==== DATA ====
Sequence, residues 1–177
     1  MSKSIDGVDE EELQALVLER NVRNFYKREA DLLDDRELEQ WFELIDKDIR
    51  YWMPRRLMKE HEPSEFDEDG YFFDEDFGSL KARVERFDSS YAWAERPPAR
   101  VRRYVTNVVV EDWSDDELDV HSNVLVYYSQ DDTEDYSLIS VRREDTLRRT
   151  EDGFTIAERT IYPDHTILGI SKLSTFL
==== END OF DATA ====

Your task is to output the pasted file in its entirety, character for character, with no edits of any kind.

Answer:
Sequence, residues 1–177
     1  MSKSIDGVDE EELQALVLER NVRNFYKREA DLLDDRELEQ WFELIDKDIR
    51  YWMPRRLMKE HEPSEFDEDG YFFDEDFGSL KARVERFDSS YAWAERPPAR
   101  VRRYVTNVVV EDWSDDELDV HSNVLVYYSQ DDTEDYSLIS VRREDTLRRT
   151  EDGFTIAERT IYPDHTILGI SKLSTFL